'Flexible' tiered pension plan to come into effect from January 2024

The new system will allow workers to draw down their State pension at any point between the ages of 66 and 70
'Flexible' tiered pension plan to come into effect from January 2024

Press Association

Updated: 1.45pm

A tiered pension system will come into effect in January 2024, Minister for Social Protection Heather Humphreys has confirmed.

It will see 66-year-olds given €253 per week, 67-year-olds given €266, 68-year-olds given €281, 69-year-olds given €297, and those aged 70 and over given €315.

The issue of whether to increase the pension age has come up frequently since dominating the February 2020 election.

The Pensions Commission proposed to increase the state pension age by three months every year from 2028 and then to 68 by 2039.

A report published by the Social Protection Committee recommended maintaining the qualifying age for the state pension at 66 and introducing legislation to ban mandatory retirement clauses in employee contracts.

 

Announcing the Government’s policy plan, Ms Humphreys said the tiered option will give people “flexibility”.

“We need to move away from the outdated ‘one age fits all’ approach to pensions,” she said.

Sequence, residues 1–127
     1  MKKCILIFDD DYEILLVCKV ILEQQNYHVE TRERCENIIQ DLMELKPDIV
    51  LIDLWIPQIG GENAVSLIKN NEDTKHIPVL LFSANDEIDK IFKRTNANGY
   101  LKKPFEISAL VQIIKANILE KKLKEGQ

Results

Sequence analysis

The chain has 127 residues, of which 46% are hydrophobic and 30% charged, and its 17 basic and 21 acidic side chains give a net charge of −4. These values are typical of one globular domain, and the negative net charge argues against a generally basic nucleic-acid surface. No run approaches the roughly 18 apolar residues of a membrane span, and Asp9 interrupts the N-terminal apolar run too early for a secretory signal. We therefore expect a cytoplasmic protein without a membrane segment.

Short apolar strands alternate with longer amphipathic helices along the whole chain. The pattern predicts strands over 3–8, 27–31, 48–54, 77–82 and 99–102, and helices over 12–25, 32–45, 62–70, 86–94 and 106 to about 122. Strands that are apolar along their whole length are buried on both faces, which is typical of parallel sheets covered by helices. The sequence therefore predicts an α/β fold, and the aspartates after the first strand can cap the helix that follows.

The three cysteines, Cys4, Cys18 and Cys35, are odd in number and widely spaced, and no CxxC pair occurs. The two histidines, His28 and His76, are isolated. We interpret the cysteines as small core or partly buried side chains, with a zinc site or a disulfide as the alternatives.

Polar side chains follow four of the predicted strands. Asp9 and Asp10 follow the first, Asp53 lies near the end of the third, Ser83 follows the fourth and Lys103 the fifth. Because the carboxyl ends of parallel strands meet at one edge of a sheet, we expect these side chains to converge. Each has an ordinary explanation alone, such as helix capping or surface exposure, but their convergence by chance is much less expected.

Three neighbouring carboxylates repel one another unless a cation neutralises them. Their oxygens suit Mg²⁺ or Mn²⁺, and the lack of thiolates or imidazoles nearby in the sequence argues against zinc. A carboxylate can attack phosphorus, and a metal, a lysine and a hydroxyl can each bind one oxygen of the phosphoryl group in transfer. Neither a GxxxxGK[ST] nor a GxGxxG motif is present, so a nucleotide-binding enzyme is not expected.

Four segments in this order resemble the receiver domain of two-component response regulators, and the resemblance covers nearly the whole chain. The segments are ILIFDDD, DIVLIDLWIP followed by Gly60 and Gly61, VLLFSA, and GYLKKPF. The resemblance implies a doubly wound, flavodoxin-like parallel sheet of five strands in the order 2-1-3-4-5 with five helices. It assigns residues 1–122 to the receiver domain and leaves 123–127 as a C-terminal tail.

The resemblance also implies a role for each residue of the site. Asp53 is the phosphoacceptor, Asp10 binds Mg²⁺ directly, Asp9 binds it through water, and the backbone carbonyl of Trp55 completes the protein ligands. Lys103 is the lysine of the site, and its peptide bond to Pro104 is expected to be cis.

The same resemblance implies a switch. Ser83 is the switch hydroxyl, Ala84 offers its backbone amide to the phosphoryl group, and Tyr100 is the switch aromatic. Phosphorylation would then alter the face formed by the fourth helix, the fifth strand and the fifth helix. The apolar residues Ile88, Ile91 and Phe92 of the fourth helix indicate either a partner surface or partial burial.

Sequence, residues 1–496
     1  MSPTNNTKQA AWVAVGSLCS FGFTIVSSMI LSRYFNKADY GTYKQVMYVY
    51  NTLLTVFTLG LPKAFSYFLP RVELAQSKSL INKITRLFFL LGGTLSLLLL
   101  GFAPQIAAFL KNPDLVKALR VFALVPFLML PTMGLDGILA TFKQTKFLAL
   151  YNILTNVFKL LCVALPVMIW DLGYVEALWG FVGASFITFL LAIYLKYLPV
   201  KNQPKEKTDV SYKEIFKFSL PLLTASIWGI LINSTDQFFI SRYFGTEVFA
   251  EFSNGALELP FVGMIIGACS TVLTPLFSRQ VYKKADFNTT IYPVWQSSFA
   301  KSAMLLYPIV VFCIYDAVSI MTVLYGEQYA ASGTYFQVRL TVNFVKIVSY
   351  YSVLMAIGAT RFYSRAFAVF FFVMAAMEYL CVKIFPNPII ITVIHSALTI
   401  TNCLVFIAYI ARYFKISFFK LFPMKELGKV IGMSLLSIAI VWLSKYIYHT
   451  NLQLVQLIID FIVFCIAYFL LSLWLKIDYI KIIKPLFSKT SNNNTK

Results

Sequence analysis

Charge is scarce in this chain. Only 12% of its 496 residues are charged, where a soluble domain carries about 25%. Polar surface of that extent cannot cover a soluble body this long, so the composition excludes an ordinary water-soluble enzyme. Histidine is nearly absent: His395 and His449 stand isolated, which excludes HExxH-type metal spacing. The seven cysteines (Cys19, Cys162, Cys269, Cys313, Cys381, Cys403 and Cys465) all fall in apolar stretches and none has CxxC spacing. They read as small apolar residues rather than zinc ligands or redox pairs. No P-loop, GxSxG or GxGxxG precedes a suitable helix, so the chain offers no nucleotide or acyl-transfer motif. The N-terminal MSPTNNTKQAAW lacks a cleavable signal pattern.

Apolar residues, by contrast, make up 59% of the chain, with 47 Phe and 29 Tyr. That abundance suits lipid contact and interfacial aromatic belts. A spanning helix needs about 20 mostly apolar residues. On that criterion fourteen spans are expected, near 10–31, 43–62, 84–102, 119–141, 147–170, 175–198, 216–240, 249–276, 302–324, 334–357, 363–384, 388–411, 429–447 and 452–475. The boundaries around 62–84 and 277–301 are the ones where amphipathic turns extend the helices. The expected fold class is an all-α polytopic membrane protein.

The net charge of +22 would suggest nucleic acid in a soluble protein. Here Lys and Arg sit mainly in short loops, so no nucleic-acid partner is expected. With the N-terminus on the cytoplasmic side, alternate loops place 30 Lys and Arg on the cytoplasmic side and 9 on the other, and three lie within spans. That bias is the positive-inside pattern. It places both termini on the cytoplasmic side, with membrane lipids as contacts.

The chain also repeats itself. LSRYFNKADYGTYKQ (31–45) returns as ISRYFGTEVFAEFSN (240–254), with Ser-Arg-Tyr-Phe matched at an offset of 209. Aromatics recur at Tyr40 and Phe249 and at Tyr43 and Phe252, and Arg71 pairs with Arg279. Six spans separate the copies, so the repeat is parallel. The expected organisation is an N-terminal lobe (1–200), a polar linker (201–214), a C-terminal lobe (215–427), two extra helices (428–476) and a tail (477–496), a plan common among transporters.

Ms Humphreys said keeping the pension age at 66 will result in pay-related social insurance (PRSI) increases.

An actuarial review of the Social Insurance Fund will be completed later this year “to give us the most up-to-date projections” on the fund’s status, the minister said.

Based on this, the Government will bring forward “a roadmap for PRSI increases over the next 10 years” by spring 2023.

“While I think it’s important to be honest with people that PRSI rate increases will be needed to be able to pay for our pension system in the future, I’m also very conscious of the challenges that people are facing at the moment,” Ms Humphreys said.

“I want to assure people that PRSI increases will be modest and carried out on a gradual, incremental basis.”

The Minister said independent actuarial reviews of the Social Insurance Fund will be carried out every five years, with the Government able to adjust PRSI rates based on the most up-to-date information.

The Irish Fiscal Advisory Council said the pensions issue is one of the main challenges facing Ireland’s public finances.

As it stands, life expectancy in Ireland is increasing by around a year every six years, leading to what is expected to be a 50% increase in the number of people reaching the age of 65.

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